Elon Musk’s stunning announcement that he is looking to take his pioneering car company private could have darker implications for the broader market.
Myriad questions surround the Tesla founder’s cryptic tweets earlier this week that he has financing in place to remove the company from the public sphere in a deal he’s valuing at $420 a share. Not the least of the issues is whether Musk violated securities laws by announcing the deal over Twitter.
However, if there is a legitimate buyer or buyers out there, such a move would raise the specter of what one analyst calls a “Tesla top”: a pinnacle in business risk-taking that signals a tipping point for corporate America.
“While we are not superstitious by nature, we do fear this transaction looks an awful lot like other deals done at the peak of prior cycles,” Nick Colas, co-founder of DataTrek Research, wrote in his daily note sent out Thursday.
He compared the potential Tesla move to RJR Nabisco’s take-private in 1988, AOL’s purchase of Time Warner in 2000 and even Goldman Sachs’ bundling of toxic mortgages in 2007 that investor John Paulson bet against and turned into one of the most lucrative trades of all time.
Colas figures that it would take $57 billion to get the Tesla deal done, most likely through venture capital. A deal of that size could suggest that VC firms have gotten overzealous in their determination to put cash to work, and that investors have fallen too deeply in love with disruptor companies like Tesla, which makes electric cars and whose founder is determined to break down the barriers to space travel.
“Is all that a sign to sell everything?” Colas wrote. “Obviously not, but it bears watching especially if this deal actually goes through.”
The Musk move comes amid a turbulent year for markets, which have been shaken by everything from presidential tweets to valuation and inflation scares. Tesla shares have been volatile since the Tuesday tweets, rising sharply at first then giving back some of those gains Wednesday.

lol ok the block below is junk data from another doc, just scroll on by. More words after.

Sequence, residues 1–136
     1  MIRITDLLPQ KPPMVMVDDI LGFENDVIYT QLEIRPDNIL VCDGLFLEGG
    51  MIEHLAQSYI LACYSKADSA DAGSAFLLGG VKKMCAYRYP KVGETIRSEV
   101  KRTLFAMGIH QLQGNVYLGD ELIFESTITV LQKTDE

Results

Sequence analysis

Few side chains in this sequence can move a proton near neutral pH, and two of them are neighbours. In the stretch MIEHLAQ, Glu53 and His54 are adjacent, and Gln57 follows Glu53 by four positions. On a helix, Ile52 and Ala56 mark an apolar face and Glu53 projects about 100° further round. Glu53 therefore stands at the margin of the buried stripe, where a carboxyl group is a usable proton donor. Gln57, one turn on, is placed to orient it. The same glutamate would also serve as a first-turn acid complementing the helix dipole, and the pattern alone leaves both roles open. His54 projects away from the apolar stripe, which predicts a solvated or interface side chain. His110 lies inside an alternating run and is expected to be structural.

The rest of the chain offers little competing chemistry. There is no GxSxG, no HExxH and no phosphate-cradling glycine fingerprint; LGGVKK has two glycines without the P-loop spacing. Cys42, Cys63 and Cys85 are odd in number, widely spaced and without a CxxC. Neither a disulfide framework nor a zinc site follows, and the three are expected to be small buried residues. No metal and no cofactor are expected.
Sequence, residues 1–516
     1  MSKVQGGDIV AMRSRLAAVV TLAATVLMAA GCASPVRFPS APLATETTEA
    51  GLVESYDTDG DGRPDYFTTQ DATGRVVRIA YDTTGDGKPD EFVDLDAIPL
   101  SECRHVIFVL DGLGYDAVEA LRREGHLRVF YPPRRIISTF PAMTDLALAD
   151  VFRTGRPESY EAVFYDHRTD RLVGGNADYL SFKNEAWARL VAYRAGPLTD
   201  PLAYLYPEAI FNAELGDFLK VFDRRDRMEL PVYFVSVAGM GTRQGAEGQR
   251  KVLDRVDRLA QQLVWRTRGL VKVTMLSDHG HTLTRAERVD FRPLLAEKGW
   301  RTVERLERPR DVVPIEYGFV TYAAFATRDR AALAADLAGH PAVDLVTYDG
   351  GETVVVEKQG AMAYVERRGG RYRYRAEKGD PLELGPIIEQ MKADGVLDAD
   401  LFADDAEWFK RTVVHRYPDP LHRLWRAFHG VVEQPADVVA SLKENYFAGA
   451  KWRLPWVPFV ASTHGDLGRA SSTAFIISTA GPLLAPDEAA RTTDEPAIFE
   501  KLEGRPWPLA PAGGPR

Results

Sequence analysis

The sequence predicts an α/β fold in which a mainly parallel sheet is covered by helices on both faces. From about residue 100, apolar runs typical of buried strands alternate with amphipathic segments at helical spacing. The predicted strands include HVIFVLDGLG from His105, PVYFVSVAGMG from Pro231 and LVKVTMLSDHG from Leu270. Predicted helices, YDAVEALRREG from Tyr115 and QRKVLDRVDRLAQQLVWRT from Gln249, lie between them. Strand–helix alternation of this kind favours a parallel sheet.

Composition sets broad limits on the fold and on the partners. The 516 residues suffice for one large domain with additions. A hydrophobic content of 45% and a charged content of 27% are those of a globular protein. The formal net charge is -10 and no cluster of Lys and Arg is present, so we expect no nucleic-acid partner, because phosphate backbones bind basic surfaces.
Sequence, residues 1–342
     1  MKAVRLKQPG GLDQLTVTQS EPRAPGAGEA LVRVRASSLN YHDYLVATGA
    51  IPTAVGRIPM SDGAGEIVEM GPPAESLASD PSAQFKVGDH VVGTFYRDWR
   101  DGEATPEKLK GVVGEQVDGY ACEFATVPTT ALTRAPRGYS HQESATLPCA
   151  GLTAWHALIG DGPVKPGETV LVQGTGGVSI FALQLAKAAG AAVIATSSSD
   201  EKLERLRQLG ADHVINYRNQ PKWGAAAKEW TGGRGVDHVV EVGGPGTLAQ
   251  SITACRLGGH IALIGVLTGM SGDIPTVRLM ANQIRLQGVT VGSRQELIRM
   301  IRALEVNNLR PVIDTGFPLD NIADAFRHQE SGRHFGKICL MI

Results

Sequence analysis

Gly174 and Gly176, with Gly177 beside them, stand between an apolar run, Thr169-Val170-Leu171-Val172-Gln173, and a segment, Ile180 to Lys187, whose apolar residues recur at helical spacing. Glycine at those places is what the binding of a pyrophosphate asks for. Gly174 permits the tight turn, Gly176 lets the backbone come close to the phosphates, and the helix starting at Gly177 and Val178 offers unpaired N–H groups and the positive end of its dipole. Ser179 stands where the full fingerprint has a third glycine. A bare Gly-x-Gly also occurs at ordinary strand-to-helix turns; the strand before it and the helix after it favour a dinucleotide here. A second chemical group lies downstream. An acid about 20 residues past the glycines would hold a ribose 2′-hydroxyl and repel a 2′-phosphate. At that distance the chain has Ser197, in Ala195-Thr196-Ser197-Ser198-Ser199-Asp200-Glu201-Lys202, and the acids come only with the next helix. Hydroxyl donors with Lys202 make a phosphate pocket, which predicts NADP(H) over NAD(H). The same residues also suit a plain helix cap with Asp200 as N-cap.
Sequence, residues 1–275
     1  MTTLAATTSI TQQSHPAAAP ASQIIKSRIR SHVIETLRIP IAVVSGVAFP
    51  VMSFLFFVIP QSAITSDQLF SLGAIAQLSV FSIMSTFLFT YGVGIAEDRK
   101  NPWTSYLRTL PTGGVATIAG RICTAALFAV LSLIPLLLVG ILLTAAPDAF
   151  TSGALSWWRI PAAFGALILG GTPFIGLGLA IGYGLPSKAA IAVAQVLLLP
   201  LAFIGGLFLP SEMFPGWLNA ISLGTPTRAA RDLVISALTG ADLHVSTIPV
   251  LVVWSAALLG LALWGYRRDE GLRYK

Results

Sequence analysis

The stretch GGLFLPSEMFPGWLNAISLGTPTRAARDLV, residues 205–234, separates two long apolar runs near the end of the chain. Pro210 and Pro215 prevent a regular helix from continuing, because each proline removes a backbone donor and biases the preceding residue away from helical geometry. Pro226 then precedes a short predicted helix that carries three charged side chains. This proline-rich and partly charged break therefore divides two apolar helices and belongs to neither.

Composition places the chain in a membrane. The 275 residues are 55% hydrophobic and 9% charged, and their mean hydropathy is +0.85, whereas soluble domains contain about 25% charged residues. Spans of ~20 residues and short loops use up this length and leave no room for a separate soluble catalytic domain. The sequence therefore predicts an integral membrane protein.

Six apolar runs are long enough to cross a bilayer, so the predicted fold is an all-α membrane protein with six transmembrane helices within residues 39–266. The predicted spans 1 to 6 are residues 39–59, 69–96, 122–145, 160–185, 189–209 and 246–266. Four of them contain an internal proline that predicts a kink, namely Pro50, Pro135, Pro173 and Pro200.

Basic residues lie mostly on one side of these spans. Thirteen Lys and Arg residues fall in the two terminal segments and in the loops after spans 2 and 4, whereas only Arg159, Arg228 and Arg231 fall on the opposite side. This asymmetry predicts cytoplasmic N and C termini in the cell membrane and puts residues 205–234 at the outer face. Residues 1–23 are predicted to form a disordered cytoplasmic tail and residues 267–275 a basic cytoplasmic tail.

This indeed has been a dizzying year for venture capital, and it wouldn’t be a shock to see some ambitious investor looking to do a massive deal.
In the second quarter alone, VC firms announced 3,686 deals worth $74 billion, another record for an industry that has continued to scale new heights, according to Preqin, which tracks institutional fund flows and deal activity.
If it is indeed a VC firm behind the Tesla deal, that would take the industry’s footprint to a whole new level and spark concerns about broader implications.
“VCs are so flush with cash that they desperately need companies like Tesla — large, scalable, and levered to mega-trends like autonomous driving and clean energy — as much as Tesla needs them,” Colas said. “Musk understands that dynamic better than most.”
Colas worries that if Tesla disappears from the public markets, it will give investors one less way to hedge against the violent rise of the bigger tech names that have wobbled lately. In essence, it would mean investors “will consistently be long ‘The disrupted’ and short ‘disruption,'” he said.
“Public equity markets are packed with successful and highly profitable old-line companies,” Colas wrote. “That used to be a feature. Now, with tech-based disruption, it is a very serious bug and the work-arounds are difficult and risky.”